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Mental Health - Neurological Disorders - Neuroscience - Pediatrics and Child Health


Impaired Structural Connectivity of Socio-Emotional Circuits in Autism Spectrum Disorders: A Diffusion Tensor Imaging Study
Published: Wednesday, November 23, 2011
Author: Stephanie H. Ameis et al.

by Stephanie H. Ameis, Jin Fan, Conrad Rockel, Aristotle N. Voineskos, Nancy J. Lobaugh, Latha Soorya, A. Ting Wang, Eric Hollander, Evdokia Anagnostou

Background

Abnormal white matter development may disrupt integration within neural circuits, causing particular impairments in higher-order behaviours. In autism spectrum disorders (ASDs), white matter alterations may contribute to characteristic deficits in complex socio-emotional and communication domains. Here, we used diffusion tensor imaging (DTI) and tract based spatial statistics (TBSS) to evaluate white matter microstructure in ASD.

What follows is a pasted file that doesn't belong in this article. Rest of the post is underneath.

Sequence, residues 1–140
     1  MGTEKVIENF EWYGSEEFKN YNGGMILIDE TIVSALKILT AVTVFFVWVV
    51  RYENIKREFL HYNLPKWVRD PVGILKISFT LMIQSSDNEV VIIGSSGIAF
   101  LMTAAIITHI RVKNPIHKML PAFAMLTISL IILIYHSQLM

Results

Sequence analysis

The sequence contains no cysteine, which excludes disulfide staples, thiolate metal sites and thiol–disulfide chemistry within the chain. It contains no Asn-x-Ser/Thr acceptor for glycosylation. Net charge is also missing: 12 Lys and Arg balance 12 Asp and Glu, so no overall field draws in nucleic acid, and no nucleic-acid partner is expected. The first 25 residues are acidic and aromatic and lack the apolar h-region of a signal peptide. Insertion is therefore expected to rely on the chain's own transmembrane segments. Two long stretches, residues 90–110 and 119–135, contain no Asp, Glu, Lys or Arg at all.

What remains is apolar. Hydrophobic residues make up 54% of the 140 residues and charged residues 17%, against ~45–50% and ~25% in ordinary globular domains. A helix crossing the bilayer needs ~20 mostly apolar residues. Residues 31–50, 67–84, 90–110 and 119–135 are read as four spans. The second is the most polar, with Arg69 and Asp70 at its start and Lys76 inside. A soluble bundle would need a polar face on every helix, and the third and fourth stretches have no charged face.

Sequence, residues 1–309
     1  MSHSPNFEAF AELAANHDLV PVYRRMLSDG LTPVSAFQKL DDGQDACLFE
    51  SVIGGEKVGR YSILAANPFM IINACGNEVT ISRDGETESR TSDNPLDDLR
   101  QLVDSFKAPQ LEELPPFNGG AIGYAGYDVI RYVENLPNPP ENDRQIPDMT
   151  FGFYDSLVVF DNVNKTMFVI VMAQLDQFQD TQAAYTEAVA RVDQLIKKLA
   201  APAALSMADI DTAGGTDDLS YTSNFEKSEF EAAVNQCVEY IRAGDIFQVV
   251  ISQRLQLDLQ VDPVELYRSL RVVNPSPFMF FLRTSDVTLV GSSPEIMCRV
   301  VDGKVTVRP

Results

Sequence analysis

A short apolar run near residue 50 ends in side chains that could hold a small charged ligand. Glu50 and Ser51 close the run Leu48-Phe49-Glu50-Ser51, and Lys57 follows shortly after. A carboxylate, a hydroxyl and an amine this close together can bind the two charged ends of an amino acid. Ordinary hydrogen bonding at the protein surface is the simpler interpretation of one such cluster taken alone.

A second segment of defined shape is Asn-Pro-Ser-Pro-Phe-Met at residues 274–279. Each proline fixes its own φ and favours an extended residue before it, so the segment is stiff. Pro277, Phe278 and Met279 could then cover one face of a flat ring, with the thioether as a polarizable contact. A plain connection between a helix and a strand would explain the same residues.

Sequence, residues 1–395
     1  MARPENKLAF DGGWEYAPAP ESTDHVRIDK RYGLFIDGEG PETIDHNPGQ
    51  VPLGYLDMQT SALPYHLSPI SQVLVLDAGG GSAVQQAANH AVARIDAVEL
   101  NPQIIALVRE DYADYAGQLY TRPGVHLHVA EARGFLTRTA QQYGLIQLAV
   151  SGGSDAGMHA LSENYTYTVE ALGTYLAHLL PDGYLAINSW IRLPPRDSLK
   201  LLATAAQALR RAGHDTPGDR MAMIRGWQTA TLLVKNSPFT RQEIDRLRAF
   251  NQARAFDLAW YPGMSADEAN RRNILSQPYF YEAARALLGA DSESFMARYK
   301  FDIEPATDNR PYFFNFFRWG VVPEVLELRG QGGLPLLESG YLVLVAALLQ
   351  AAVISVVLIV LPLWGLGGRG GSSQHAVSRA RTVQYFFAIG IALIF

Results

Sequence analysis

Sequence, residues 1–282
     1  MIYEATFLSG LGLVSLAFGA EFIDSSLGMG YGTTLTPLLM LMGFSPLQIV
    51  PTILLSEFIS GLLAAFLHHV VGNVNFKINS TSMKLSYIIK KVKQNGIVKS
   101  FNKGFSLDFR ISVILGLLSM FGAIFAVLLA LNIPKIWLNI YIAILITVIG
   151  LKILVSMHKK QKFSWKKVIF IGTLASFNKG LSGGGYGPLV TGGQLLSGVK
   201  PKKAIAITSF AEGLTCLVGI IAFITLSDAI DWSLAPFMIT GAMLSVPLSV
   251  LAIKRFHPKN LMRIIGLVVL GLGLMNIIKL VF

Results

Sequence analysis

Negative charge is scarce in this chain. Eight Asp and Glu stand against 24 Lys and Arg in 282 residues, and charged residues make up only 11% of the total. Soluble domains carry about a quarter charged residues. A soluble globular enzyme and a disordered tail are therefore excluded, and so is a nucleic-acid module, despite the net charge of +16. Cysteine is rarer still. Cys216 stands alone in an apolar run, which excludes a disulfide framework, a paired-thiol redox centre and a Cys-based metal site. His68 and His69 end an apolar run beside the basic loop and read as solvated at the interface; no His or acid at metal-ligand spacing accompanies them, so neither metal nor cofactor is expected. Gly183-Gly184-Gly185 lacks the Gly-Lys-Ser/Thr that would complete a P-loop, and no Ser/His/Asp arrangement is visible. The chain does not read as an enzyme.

Methods/Principal Findings

DTI scans were acquired for 19 children and adolescents with ASD (~8–18 years; mean 12.4±3.1) and 16 age and IQ matched controls (~8–18 years; mean 12.3±3.6) on a 3T MRI system. DTI values for fractional anisotropy, mean diffusivity, radial diffusivity and axial diffusivity, were measured. Age by group interactions for global and voxel-wise white matter indices were examined. Voxel-wise analyses comparing ASD with controls in: (i) the full cohort (ii), children only (=12 yrs.), and (iii) adolescents only (>12 yrs.) were performed, followed by tract-specific comparisons. Significant age-by-group interactions on global DTI indices were found for all three diffusivity measures, but not for fractional anisotropy. Voxel-wise analyses revealed prominent diffusion measure differences in ASD children but not adolescents, when compared to healthy controls. Widespread increases in mean and radial diffusivity in ASD children were prominent in frontal white matter voxels. Follow-up tract-specific analyses highlighted disruption to pathways integrating frontal, temporal, and occipital structures involved in socio-emotional processing.

Conclusions/Significance

Our findings highlight disruption of neural circuitry in ASD, particularly in those white matter tracts that integrate the complex socio-emotional processing that is impaired in this disorder.

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